Gondwana to Asia: plate tectonics, paleogeography and the biological connectivity of the Indian sub-continent from the Middle Jurassic through latest Eocene (166-35 Ma)

Ali, Jason R. and Aitchison, Jonathan C. (2008) Gondwana to Asia: plate tectonics, paleogeography and the biological connectivity of the Indian sub-continent from the Middle Jurassic through latest Eocene (166-35 Ma). Earth-Science Reviews, 88 3-4: 145-166. doi:10.1016/j.earscirev.2008.01.007


Author Ali, Jason R.
Aitchison, Jonathan C.
Title Gondwana to Asia: plate tectonics, paleogeography and the biological connectivity of the Indian sub-continent from the Middle Jurassic through latest Eocene (166-35 Ma)
Journal name Earth-Science Reviews   Check publisher's open access policy
ISSN 0012-8252
1872-6828
Publication date 2008-06-01
Year available 2008
Sub-type Article (original research)
DOI 10.1016/j.earscirev.2008.01.007
Open Access Status Not Open Access
Volume 88
Issue 3-4
Start page 145
End page 166
Total pages 22
Place of publication Amsterdam, Netherlands
Publisher Elsevier
Language eng
Formatted abstract
Using the most up-to-the-date information available, we present a considerably revised plate tectonic and paleogeographic model for the Indian Ocean bordering continents, from Gondwana's Middle Jurassic break-up through to India's collision with Asia in the middle Cenozoic. The landmass framework is then used to explore the sometimes complex and occasionally counter-intuitive patterns that have been observed in the fossil and extant biological records of India, Madagascar, Africa and eastern Eurasia, as well those of the more distal continents.

Although the paleogeographic model confirms the traditional view that India became progressively more isolated from the major landmasses during the Cretaceous and Paleocene, it is likely that at various times minor physiographic features (principally ocean islands) provided causeways and/or stepping-stone trails along which land animals could have migrated to/from the sub-continent. Aside from a likely link (albeit broken by several marine gaps) to Africa for much of this time (it is notable, that the present-day/recent biota of Madagascar indicates that the ancestors of five land-mammal orders, plus bats, crossed the > 400-km-wide Mozambique Channel at different times in the Cenozoic), it is possible that the Kerguelen Plateau connected India and Australia–Antarctica in the mid-Cretaceous (approximately 115–90 Ma). Later, the Seychelles–Mascarene Plateau and nearby elevated sea-floor areas could have allowed faunas to pass between southern India and Madagascar in the Late Cretaceous, from around 85–65 Ma, with an early Cenozoic extension to this path forming as a result of the Reunion hot-spot trace islands growing on the ocean floor to the SSW of India. The modelling also suggests that India's northward passage towards Asia, with eventual collision at 35 Ma, involved the NE corner of the sub-continent making a glancing contact with Sumatra, followed by Burma from ~ 57 Ma (late Paleocene) onwards, a scenario which is compatible with the fossil record indicating that India–Asia faunal exchanges began occurring at about this time. Finally, we contend that a number of biologically-based direct terrestrial migration routes that have been proposed for last 15 m.y. of the Cretaceous (Asia to India; Antarctica to Madagascar and/or India) can probably be dismissed because the marine barriers, likely varying from > 1000 up to 2500 km, were simply too wide.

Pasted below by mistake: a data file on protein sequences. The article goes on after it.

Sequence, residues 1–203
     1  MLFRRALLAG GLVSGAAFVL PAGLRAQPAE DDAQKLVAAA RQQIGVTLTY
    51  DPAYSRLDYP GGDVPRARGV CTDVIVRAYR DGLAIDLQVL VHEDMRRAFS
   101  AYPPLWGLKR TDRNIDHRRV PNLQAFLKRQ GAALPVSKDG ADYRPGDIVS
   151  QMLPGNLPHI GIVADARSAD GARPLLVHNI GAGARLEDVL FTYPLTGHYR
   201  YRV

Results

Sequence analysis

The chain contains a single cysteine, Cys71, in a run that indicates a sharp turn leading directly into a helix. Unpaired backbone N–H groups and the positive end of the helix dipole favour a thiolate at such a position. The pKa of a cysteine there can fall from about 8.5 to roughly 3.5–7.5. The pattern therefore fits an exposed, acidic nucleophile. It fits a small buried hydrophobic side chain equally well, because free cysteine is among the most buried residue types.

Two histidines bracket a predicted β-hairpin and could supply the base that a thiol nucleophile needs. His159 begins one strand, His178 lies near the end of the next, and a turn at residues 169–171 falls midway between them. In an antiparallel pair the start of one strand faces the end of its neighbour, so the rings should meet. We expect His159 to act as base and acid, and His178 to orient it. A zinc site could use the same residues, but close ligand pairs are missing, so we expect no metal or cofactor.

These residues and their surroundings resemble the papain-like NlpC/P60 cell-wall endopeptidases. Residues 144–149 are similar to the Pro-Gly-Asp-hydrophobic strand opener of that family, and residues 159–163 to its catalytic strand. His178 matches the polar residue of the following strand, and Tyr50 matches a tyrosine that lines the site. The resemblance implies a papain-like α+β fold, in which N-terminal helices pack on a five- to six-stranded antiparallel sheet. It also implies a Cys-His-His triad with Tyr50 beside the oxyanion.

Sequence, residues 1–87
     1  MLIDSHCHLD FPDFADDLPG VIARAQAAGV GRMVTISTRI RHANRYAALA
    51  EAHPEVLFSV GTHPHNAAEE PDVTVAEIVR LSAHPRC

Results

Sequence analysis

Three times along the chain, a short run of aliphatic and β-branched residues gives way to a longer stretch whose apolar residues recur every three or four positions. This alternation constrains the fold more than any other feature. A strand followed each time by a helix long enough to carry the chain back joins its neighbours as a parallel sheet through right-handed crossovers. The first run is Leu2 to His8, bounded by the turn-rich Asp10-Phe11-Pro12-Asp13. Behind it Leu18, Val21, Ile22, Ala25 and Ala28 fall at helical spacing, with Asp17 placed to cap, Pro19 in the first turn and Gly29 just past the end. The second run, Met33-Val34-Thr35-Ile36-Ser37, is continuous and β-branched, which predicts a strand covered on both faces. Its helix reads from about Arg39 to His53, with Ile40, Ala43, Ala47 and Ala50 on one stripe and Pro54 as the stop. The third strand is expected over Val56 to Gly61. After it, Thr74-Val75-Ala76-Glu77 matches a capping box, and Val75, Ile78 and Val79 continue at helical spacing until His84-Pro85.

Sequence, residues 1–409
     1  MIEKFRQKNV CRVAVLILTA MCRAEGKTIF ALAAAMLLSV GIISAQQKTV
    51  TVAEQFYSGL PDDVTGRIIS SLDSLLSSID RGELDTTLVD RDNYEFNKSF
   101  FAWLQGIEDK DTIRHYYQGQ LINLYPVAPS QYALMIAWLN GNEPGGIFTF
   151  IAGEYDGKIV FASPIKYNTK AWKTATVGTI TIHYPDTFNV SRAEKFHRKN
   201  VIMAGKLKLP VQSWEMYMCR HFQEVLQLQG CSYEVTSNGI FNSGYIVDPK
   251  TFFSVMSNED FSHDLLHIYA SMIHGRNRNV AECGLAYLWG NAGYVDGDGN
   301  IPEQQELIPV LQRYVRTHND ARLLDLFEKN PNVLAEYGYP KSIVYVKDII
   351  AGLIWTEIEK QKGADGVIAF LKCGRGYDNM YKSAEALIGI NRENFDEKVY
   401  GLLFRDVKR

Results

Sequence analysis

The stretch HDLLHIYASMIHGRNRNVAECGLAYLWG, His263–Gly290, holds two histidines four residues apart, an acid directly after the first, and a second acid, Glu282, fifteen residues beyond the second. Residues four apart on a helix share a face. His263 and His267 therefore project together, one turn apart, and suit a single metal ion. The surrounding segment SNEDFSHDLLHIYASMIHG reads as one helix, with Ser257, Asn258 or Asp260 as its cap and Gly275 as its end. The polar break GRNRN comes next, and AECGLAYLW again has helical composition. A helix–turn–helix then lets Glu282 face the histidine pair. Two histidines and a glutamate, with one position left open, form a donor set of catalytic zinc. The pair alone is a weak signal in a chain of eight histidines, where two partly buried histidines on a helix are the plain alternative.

Keyword Biogeography
India
Madagascar
Tethys
Gondwana
Africa
Asia
Q-Index Code C1
Q-Index Status Provisional Code
Institutional Status Non-UQ

Document type: Journal Article
Sub-type: Article (original research)
Collection: School of Geography, Planning and Environmental Management Publications
 
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Created: Thu, 05 Mar 2015, 21:15:55 EST by Helen Smith on behalf of School of Geography, Planning & Env Management